The old Central Depot, which sat across across Ludlow Plaza from Old City Hall from 1896 until its demolition in 1968, was a wonderful, massive gothic structure, covered in ornament and decoration which one doesn’t find much in today’s construction. It certainly isn’t found in its replacement, the City Centre Square building, a long rectangular affair, completed in 1972. Below the glass and brown brick-covered box, the City-Suburban Transit Authority (CSTA) has its Ludlow Plaza Station, the only remnant of the old depot. It’s one of the nicer stops in the subway system, with some of the old architectural details still showing through slight neglect mandated by tight budgets over the decades.
Central Depot was the showpiece of the of the Ostahanoc Valley Northeast Line, a regional railroad that did very well with both passenger and freight transport during this city’s booming industrial age. As such, the railroad’s offices were located on the upper five floors of the massive limestone edifice to transportation. The first two floors were dedicated to the grandly-designed passenger concourse and two levels of tracks were located below, which are now used for CSTA subway and regional light rail. But few know about the levels which lie below even these.
Sub-levels three and four were and still are used for mechanical works, storage and maintenance. Level five, however, is a different story, entirely. L. Mathewson Burlsworth was the founder of the Ostahanoc Line and lead the company until his death in 1912. When he comissioned local architect Francis Locane (who also designed several of Watson University’s original buildings), he decreed that he should have, in addition to his palatial office on the depot’s uppermost floor, a “getaway” space within its lowermost level. So, at great expense, a six-room, well-appointed space was dug out of the earth, far below the city’s streets. Burlsworth had a secret entrance installed, hidden in the tiles near track 4-A. From there, a cast-iron staircase would take guests down to a wood-paneled and carpeted suite, complete with small kitchen and dining room. The magnate would often retreat down there to get away from it all, entertain fellow businessmen, or even the occasional extra-marital “guest.” There were two additional exits, behind more standard unlabeled locked doors at tracks 3-A and 4-B.
After Burlsworth’s death, the office was still used, reportedly, as a perk for certain of the railroad’s executives. But, after the company’s various mergers and sales, at some point, it fell into disuse and was apparently forgotten. It’s not entirely clear at which point someone decided to put the space to a more salacious use. At any rate, in 1966, when plans for the demolition of the building were in full swing, city and CSTA (then City Transportation Company) engineers were taking a survey of the subterranian space and found the passage to Level Five. They were at first surprised that it was still extant. Then, they were even more surprised to find that it was in use as one of the city’s most secretive and exclusive (as well as rather luxurious) brothels.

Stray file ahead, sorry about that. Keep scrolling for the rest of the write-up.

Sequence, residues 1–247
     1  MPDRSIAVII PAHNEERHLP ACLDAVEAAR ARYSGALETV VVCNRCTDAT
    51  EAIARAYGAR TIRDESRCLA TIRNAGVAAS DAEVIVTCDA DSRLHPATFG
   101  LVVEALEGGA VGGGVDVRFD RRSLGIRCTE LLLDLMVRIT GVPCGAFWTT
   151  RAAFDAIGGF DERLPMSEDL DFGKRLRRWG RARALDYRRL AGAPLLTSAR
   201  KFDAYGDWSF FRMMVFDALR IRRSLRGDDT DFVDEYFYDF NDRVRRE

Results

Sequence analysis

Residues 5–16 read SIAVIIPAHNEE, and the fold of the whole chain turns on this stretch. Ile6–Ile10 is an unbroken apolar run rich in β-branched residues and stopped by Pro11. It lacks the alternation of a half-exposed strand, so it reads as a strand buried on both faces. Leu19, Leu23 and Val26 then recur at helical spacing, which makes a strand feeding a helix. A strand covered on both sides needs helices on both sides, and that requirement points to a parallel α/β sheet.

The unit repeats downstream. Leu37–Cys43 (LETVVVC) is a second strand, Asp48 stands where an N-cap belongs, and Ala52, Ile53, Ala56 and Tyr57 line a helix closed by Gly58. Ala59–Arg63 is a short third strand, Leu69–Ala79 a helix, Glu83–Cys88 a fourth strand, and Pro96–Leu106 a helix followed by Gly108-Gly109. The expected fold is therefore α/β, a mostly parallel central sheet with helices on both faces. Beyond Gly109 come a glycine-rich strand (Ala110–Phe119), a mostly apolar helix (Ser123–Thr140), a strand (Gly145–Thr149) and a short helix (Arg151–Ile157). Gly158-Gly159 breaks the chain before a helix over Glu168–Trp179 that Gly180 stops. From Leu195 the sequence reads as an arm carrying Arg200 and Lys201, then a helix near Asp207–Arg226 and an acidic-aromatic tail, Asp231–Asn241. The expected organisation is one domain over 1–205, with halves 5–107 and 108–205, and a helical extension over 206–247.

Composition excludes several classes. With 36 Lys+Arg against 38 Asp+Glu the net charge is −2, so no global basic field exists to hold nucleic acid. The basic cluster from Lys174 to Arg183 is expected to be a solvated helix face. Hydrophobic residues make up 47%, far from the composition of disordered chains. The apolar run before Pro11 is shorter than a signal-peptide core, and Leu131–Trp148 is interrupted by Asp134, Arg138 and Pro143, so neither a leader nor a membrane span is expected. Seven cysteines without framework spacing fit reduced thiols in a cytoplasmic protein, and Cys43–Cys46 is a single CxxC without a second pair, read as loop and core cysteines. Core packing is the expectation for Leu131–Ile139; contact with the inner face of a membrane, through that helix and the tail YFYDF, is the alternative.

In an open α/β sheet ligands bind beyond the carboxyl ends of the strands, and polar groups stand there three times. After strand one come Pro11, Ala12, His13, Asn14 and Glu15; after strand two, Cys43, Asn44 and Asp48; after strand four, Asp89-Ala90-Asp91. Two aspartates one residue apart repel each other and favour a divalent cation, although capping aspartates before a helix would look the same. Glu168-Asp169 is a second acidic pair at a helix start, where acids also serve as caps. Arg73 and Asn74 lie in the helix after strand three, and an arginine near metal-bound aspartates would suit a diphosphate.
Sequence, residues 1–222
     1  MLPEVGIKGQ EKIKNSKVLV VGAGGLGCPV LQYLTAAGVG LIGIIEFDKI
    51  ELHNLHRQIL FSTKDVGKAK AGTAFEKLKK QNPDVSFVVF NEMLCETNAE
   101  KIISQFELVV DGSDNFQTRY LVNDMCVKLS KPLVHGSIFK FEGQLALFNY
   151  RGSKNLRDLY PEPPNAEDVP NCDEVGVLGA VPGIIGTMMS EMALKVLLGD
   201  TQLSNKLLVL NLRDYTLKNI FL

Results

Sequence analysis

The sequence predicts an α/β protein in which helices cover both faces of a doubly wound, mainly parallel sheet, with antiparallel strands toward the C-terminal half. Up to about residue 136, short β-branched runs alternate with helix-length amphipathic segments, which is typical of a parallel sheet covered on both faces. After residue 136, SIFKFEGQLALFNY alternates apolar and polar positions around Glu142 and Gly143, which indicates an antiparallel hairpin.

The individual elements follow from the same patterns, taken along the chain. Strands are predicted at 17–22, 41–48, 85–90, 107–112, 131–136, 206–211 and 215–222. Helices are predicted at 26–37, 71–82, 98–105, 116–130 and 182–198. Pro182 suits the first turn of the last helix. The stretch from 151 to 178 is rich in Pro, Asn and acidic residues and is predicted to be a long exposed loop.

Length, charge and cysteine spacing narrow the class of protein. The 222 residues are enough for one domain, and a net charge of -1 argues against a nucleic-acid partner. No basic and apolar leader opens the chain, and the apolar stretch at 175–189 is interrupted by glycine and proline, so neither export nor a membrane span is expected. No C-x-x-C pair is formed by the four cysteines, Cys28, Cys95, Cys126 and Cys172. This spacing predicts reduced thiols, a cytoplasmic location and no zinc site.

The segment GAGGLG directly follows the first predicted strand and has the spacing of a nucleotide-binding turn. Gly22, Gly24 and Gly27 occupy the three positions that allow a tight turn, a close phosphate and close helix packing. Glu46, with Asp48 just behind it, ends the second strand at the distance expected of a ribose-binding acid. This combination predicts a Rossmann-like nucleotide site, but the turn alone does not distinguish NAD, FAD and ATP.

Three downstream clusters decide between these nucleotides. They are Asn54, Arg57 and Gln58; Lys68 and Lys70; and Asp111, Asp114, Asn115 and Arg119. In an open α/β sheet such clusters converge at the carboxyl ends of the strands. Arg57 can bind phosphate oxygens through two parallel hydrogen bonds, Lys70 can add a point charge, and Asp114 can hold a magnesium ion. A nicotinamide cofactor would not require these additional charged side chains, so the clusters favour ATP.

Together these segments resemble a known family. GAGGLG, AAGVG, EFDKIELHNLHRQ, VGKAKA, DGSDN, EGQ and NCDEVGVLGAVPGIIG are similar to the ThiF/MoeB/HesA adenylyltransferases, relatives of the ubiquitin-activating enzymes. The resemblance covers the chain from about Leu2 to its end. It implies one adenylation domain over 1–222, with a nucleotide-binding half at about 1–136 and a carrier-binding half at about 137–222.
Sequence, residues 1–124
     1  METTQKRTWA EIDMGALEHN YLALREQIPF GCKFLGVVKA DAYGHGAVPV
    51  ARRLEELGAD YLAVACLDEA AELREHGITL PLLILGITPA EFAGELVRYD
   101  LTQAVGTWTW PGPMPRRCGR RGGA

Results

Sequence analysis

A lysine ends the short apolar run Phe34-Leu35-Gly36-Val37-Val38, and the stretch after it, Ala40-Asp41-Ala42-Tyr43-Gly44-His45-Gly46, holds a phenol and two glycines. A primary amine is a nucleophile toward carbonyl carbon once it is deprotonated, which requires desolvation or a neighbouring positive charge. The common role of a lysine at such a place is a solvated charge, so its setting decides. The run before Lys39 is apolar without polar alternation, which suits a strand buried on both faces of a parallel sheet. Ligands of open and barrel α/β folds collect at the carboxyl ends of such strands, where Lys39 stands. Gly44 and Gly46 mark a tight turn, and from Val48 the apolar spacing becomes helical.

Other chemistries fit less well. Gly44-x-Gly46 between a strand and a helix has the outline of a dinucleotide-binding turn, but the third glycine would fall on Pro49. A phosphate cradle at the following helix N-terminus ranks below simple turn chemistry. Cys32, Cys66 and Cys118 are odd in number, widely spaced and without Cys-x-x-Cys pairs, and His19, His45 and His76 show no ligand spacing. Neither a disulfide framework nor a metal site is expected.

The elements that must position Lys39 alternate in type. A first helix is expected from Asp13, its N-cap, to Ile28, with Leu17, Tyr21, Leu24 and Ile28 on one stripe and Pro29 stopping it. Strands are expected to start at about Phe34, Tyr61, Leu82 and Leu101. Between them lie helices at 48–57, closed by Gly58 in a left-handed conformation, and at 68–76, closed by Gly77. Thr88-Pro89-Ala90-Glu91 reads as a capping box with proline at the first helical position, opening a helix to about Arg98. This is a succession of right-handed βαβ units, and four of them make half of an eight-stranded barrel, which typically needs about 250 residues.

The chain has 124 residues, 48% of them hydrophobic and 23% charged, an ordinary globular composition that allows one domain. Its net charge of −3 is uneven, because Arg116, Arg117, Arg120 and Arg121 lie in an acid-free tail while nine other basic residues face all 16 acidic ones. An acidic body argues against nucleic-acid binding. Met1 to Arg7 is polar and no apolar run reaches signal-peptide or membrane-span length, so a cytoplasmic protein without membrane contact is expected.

In the ensuing investigation, it was found to be run by the Lanfesi crime syndicate as a perk for certain of its “executives” and the occasional out-of-town business associate and had been since the mid-1950s. Apparently, someone knew someone who said something back then, one of the Lanfesi lieutenants did some exploring, found that the space was largely ignored (thanks to L. Mathewson Burlsworth’s desire to have secret and unabeled entrances) and voila! Adaptive reuse. Thousands upon thousands of travelers had no idea what they were walking upon for years and years.
Soon after its discovery, the space was stripped of its ornament to the bare walls and used for equipment storage, as well as a possible secondary Civil Defense shelter, given its proximity to Old City Hall. Instead of late 19th century railroad tycoon opulence, there are barrels of decades-old nutritional biscuits and expired distilled water, as well as obsolete subway parts and rebar.
– RJ White